RailWells (apart from being the Scalefour Society’s South Western show) always has a minority interest theme. This year it was modelling Australian railways and I was lucky enough to be invited along to demonstrate scratch building in S Scale and talk to people about the railways of WA and modelling them.
There were layouts representing Victoria in HO and NSW in N (both modern diesel era as it turned out), a display board and computer slide show showing pictures of Australian Railways and me. This is probably the first time that there has been this much Australian modelling at a single show in one place in the UK which is why the Southern Cross features on the show badge.
With only a six foot long table (that’s 1.83m for those reading in metric) it took a bit of thought about what will appeal to a British audience before deciding what to take with me. They tend to like stuff which is recognisably of British origin but that little bit different. I wanted to cover prototype themes from my chosen era (1900-1905) such as the variety of stock, traffic types, the livery changes and the private railways whilst bearing in mind that bogie vehicles take up more space (which reduces what you can display so only 1 coach). I also needed to be able to make points about different types of scratch-building with different materials as well as kits (represented by a G 2-6-0, G open wagon and horsebox). It’s easy to take far too much stuff and have it sit in a box for a weekend only to have to haul it back home at the end of the show so it’s rather different from going with a layout (where you want as much stock as possible). What I eventually ended up with is the models on the steps at the left of the table with my working area, photos and drawings to the right. The scratchbuilt models included V, a pair of I bolster wagons, N, A(MRWA), G (iron lined), J (wooden tank), AA, E, O, an unpainted 4 door R and 3 MRWA/GSR dropside wagons under construction as a batch.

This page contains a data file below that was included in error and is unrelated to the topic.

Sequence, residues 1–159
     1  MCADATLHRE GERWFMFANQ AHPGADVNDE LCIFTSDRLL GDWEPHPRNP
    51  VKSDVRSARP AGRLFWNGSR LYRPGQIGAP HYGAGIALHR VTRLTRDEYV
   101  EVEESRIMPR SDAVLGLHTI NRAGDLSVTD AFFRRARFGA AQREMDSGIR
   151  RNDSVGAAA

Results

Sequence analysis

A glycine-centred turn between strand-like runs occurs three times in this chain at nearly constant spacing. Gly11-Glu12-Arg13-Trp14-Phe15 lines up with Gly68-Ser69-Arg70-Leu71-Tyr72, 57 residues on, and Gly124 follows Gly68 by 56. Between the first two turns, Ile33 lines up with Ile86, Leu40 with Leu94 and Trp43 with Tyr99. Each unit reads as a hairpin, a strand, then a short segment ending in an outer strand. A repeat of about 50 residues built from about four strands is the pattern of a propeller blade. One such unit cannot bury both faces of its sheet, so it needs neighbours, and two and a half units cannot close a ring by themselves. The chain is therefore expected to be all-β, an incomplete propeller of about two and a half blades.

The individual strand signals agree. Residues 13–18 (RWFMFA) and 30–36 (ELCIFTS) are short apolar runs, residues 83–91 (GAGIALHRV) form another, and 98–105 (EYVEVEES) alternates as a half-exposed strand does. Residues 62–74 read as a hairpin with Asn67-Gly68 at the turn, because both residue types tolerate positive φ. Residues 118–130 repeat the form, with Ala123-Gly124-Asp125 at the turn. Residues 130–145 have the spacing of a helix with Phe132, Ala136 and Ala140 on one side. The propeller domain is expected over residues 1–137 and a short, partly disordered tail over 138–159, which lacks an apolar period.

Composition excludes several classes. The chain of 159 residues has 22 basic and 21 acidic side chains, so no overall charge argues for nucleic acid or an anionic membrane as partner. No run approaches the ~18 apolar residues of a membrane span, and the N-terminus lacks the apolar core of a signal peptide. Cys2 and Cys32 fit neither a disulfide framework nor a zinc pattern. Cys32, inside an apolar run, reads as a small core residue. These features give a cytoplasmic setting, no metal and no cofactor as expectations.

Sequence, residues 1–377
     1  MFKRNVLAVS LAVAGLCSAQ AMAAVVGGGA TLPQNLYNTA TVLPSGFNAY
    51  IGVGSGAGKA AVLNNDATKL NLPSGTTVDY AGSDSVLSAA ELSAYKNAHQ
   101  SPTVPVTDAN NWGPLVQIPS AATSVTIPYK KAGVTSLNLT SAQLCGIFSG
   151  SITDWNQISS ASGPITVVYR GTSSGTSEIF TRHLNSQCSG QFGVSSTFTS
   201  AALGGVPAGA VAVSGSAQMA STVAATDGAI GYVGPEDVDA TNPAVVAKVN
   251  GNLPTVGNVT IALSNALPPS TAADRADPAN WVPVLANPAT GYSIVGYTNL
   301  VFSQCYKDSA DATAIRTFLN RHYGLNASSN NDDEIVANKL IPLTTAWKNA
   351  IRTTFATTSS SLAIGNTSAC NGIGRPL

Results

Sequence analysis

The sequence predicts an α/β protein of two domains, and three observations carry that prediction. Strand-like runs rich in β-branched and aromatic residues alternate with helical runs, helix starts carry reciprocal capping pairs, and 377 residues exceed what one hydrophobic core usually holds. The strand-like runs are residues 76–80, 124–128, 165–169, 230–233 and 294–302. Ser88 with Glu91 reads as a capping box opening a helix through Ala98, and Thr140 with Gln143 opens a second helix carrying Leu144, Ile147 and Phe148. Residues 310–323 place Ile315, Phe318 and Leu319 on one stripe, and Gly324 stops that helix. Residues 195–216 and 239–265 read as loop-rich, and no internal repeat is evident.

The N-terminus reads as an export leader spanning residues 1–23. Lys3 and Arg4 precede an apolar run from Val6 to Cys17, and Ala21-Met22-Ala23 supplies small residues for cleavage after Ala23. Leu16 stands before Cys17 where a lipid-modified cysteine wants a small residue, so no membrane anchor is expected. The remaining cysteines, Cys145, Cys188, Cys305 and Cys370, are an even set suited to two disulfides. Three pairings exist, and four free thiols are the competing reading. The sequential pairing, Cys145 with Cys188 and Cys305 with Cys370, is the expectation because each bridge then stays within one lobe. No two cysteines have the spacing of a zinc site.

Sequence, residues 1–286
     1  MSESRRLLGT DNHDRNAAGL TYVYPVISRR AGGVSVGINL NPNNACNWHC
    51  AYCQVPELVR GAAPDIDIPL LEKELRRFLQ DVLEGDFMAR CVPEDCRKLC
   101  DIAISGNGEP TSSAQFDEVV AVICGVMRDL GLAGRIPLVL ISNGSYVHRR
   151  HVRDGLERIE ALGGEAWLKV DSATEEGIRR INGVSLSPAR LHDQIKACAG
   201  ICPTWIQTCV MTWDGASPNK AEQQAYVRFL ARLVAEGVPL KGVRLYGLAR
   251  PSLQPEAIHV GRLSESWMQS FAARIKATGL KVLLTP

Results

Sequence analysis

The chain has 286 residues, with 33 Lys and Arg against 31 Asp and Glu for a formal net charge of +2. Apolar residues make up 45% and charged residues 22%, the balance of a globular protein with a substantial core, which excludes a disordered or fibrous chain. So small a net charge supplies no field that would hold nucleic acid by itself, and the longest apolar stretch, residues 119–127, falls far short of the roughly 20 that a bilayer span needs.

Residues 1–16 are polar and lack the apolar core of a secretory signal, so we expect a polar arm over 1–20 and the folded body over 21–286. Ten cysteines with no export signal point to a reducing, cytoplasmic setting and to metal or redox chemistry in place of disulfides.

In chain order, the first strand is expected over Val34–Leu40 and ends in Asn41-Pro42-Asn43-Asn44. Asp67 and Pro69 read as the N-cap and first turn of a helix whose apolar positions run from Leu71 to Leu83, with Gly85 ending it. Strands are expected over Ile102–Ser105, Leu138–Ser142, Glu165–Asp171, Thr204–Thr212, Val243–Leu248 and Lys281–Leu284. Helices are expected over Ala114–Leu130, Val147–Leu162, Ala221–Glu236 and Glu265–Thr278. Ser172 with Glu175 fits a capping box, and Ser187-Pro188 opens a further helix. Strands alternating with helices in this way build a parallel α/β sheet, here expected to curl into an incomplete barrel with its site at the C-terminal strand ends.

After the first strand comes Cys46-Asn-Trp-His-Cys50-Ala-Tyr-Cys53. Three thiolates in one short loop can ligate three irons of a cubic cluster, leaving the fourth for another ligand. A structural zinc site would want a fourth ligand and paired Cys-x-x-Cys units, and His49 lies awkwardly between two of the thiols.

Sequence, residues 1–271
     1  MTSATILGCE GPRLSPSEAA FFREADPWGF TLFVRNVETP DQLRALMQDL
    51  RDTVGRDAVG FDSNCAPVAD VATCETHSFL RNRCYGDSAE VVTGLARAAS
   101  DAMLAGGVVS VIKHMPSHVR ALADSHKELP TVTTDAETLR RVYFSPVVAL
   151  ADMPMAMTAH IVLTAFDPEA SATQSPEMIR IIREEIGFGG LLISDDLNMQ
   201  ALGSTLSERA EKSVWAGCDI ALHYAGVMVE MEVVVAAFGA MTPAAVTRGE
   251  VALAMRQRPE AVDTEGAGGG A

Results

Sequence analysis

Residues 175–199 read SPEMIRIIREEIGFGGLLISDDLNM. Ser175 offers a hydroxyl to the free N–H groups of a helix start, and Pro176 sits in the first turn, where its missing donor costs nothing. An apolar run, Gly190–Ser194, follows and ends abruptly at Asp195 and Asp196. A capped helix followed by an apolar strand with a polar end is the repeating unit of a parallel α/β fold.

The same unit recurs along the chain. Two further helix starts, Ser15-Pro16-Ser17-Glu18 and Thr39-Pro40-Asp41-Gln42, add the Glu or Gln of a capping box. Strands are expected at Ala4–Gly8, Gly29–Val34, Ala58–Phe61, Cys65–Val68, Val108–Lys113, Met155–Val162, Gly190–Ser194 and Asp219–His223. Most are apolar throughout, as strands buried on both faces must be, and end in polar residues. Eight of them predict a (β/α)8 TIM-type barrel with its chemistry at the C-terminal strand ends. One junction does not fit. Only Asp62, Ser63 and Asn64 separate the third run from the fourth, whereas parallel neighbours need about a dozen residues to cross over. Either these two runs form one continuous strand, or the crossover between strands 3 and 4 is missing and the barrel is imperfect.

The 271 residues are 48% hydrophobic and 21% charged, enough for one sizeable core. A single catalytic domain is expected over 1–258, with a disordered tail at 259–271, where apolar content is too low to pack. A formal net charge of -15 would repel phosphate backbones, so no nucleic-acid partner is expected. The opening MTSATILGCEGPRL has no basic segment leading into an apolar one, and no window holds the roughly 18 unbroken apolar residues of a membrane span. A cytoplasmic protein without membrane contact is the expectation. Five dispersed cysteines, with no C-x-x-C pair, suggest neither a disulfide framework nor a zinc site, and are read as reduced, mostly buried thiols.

There are a lot of people in the UK with family in Aus and I even chatted to one chap who had worked for the WAGR for a while in the 70’s. It turned out to be a fun weekend flying the flag for WA in Wells Town Hall (apart from the hour long traffic jams at Stonehenge out and back) with quite a bit of interest and lots of questions.